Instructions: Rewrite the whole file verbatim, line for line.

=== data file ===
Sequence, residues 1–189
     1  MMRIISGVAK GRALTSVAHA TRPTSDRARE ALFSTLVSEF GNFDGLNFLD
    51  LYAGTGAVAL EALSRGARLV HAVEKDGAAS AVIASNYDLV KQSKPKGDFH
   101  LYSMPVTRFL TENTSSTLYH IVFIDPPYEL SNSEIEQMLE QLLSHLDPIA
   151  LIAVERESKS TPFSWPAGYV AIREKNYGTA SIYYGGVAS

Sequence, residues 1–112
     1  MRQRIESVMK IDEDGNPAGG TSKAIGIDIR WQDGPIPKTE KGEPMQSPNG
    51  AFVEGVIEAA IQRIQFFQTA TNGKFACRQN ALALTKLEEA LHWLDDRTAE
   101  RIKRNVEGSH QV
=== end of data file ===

Sequence, residues 1–189
     1  MMRIISGVAK GRALTSVAHA TRPTSDRARE ALFSTLVSEF GNFDGLNFLD
    51  LYAGTGAVAL EALSRGARLV HAVEKDGAAS AVIASNYDLV KQSKPKGDFH
   101  LYSMPVTRFL TENTSSTLYH IVFIDPPYEL SNSEIEQMLE QLLSHLDPIA
   151  LIAVERESKS TPFSWPAGYV AIREKNYGTA SIYYGGVAS

Sequence, residues 1–112
     1  MRQRIESVMK IDEDGNPAGG TSKAIGIDIR WQDGPIPKTE KGEPMQSPNG
    51  AFVEGVIEAA IQRIQFFQTA TNGKFACRQN ALALTKLEEA LHWLDDRTAE
   101  RIKRNVEGSH QV